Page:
In October, Amazon promised that users would be able to lend Kindle books to each other by the end of the year, and the retail giant has at last delivered that feature—just under the wire. On Thursday, the company quietly updated its e-book system to support lending titles.
Like its major lending-enabled competitor, Barnes & Noble’s Nook, you can lend some Kindle titles to a friend for 14 days. However, the system comes with its fair share of limitations: you can only lend each title out once, the original owner can’t read it while it’s loaned out, and the only titles available for lending are those that publishers have explicitly deemed eligible. Those titles that can be shared will be explicitly marked on their product pages.
Kindle title-sharing is not available just to owners of the hardware e-reader device, but to users of Kindle software on Mac, PC, iPad, iPhone, BlackBerry, and Android. Unfortunately, only customers living in the U.S. can loan out a title; international users may or may not be able to accept loans, depending on the publishing rights of the title in their respective countries.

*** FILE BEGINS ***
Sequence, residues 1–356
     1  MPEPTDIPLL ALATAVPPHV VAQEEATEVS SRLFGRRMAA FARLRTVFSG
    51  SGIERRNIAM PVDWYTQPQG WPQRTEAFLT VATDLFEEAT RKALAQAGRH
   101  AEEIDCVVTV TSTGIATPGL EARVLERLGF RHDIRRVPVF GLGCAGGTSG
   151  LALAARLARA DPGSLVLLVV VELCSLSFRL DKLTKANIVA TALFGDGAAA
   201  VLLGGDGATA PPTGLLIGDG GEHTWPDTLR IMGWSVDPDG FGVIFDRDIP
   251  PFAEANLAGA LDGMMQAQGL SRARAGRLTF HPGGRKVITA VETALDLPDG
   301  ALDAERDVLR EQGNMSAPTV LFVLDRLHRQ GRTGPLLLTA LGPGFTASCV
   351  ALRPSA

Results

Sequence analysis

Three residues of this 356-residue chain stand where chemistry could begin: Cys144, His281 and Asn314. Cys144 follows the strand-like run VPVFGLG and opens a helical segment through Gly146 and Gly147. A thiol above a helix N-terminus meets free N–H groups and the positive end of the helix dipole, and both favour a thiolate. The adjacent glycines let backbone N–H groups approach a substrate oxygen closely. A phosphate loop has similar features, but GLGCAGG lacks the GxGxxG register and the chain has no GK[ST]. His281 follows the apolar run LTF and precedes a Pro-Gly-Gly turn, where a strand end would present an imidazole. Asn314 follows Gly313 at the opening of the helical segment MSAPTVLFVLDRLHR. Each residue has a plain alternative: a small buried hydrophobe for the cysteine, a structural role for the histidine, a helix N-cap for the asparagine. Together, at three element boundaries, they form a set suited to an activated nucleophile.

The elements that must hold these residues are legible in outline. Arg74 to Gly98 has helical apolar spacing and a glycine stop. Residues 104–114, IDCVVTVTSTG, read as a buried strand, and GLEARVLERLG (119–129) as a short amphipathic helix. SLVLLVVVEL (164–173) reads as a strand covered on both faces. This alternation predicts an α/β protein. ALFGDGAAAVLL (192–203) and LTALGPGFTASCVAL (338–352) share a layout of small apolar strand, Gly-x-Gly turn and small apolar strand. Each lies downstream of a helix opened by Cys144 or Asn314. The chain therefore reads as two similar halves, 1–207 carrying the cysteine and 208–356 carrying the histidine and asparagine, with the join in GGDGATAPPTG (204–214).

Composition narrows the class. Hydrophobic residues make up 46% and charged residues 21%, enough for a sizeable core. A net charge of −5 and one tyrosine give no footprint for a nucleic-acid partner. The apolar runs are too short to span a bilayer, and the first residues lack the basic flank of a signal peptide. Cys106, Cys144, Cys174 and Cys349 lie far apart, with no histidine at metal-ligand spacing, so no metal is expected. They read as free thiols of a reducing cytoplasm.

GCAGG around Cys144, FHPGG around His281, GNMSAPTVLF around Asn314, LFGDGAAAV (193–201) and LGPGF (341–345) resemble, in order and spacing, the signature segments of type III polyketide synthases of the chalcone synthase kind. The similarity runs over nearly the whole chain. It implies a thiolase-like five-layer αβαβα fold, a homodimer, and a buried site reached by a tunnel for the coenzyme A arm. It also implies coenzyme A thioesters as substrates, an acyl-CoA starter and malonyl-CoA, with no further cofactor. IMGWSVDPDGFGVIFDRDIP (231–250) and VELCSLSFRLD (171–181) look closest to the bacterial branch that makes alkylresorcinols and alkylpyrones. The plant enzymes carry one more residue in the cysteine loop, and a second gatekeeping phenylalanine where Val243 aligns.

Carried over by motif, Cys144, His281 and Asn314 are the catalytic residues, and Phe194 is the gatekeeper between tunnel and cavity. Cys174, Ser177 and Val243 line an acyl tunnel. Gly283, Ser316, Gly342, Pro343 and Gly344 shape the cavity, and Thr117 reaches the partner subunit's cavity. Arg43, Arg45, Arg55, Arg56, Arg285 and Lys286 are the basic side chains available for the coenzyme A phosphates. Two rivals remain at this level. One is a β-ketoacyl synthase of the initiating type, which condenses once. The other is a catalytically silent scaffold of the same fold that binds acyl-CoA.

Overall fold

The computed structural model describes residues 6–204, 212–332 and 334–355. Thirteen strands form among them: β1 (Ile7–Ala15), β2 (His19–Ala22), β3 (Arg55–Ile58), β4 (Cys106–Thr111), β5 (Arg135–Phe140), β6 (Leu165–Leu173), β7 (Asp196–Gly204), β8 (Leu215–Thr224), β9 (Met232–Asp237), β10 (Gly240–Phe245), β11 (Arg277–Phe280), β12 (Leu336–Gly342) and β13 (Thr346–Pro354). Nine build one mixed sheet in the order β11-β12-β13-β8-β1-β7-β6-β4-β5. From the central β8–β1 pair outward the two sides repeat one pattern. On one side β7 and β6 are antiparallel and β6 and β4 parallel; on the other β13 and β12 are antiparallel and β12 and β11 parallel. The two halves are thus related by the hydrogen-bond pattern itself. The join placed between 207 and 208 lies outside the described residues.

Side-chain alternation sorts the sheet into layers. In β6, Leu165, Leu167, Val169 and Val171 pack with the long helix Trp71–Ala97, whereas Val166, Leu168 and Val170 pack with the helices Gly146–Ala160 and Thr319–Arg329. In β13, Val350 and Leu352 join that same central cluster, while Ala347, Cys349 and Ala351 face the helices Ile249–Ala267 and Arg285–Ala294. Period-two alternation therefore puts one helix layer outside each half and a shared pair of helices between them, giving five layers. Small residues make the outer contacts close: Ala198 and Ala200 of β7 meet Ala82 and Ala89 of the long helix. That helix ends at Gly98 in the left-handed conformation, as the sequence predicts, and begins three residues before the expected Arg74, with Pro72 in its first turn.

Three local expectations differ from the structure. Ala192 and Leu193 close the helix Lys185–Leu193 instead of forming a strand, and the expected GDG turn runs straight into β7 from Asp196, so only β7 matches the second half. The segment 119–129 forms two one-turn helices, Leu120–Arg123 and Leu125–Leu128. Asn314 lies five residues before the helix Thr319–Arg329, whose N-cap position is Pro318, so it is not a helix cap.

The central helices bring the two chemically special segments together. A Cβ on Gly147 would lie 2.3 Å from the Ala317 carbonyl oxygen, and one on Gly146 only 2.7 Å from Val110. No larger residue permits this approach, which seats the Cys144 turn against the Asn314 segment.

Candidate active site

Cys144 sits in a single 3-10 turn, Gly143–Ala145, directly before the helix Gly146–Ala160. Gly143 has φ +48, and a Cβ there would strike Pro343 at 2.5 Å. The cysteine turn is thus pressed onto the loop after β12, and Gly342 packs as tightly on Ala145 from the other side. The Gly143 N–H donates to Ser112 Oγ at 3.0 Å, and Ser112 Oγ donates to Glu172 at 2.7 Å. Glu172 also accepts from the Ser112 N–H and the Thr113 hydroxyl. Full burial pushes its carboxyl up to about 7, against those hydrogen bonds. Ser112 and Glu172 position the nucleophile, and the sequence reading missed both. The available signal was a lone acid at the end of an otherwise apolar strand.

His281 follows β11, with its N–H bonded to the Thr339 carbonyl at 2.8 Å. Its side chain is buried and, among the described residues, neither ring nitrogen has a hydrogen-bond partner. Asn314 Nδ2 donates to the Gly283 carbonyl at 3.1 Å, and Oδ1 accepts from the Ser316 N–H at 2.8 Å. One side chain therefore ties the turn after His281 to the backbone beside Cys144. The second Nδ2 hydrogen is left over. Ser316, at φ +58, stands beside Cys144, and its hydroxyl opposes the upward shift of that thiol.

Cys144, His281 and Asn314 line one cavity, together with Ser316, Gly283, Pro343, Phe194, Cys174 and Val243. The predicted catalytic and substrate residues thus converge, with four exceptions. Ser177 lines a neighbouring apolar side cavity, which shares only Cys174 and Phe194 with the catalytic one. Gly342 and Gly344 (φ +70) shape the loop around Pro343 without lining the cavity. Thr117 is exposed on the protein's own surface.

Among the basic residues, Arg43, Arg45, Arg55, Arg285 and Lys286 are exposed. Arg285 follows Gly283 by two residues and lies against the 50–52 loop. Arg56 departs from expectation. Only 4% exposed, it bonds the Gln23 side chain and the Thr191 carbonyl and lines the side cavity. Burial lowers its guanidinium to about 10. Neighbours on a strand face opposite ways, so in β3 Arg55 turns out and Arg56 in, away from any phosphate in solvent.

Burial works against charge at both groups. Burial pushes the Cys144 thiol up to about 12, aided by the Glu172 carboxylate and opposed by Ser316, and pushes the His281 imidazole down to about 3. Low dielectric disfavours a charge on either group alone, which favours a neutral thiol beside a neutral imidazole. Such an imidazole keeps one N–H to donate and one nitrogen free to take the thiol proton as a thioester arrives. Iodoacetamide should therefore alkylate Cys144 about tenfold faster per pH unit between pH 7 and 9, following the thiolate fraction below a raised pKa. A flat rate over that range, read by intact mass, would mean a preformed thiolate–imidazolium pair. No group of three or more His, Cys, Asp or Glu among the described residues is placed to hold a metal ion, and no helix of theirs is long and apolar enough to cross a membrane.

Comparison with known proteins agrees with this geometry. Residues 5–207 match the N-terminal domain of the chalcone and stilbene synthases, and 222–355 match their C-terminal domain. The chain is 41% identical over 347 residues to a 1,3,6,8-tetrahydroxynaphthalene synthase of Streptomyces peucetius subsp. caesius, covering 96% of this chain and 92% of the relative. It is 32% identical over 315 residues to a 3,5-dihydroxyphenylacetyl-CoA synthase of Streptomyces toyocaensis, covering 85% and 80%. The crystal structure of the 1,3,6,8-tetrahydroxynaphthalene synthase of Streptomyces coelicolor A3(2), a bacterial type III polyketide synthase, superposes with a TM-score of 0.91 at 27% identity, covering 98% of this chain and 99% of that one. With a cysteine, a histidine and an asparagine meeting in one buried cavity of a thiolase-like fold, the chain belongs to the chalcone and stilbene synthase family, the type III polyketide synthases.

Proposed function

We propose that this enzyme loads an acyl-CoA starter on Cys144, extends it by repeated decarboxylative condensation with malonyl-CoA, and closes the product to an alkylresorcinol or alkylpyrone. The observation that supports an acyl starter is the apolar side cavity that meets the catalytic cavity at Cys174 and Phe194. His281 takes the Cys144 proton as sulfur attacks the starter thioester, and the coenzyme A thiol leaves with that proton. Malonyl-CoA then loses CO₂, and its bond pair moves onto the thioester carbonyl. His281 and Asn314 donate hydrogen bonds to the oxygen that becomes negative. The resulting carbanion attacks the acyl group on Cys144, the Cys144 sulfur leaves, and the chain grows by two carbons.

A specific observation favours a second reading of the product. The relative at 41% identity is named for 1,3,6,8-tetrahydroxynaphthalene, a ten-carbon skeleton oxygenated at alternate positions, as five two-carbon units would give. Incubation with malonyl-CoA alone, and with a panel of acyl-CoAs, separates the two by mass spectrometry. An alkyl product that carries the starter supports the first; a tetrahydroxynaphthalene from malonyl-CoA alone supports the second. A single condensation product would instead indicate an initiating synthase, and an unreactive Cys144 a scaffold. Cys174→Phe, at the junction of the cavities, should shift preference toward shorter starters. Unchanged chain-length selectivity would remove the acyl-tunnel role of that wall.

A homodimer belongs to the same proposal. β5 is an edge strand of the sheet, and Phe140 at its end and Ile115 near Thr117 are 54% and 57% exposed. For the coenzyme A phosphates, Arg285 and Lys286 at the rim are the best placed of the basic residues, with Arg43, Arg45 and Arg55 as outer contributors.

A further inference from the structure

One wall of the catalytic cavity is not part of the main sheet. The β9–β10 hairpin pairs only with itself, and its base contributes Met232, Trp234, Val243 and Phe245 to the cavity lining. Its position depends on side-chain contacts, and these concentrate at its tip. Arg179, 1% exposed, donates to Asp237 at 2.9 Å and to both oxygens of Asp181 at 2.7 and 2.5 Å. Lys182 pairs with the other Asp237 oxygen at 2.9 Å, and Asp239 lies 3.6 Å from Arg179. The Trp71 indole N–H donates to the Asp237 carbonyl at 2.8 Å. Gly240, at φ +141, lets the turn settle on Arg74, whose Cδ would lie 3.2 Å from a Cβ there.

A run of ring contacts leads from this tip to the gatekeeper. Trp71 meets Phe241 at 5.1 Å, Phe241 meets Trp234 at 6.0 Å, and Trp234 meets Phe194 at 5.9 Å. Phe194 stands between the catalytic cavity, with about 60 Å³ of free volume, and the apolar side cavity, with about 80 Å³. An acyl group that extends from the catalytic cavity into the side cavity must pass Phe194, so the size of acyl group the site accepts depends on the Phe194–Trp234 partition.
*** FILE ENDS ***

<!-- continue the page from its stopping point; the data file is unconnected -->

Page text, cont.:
To share a book, you can either loan it from the Manage Your Kindle page on Amazon’s site, or from the product page of a book you’ve already purchased. In both cases, you specify an e-mail address for the person you want to share with—that person then has seven days to accept the loan, after which the item reverts back to your possession (fortunately, an unaccepted loan doesn’t count against your limit of one loan per title). You can view the status of your loans via the Manage Your Kindle page on Amazon’s site, and the borrower will be notified three days before the end of the loan period by a courtesy e-mail.
With Amazon and Barnes & Noble having implemented sharing functionality, it seems like only a matter of time before Apple follows suit with its iBookstore titles. Personally, I’d like to see Apple try and leapfrog its competitors by getting publishers to relax the single-loan restriction—to my mind, this is one place where e-books are less convenient than their physical counterparts. But digital content providers have tended to be pretty stingy in these scenarios, so I suppose I shouldn’t be holding my breath for the entirety of 2011.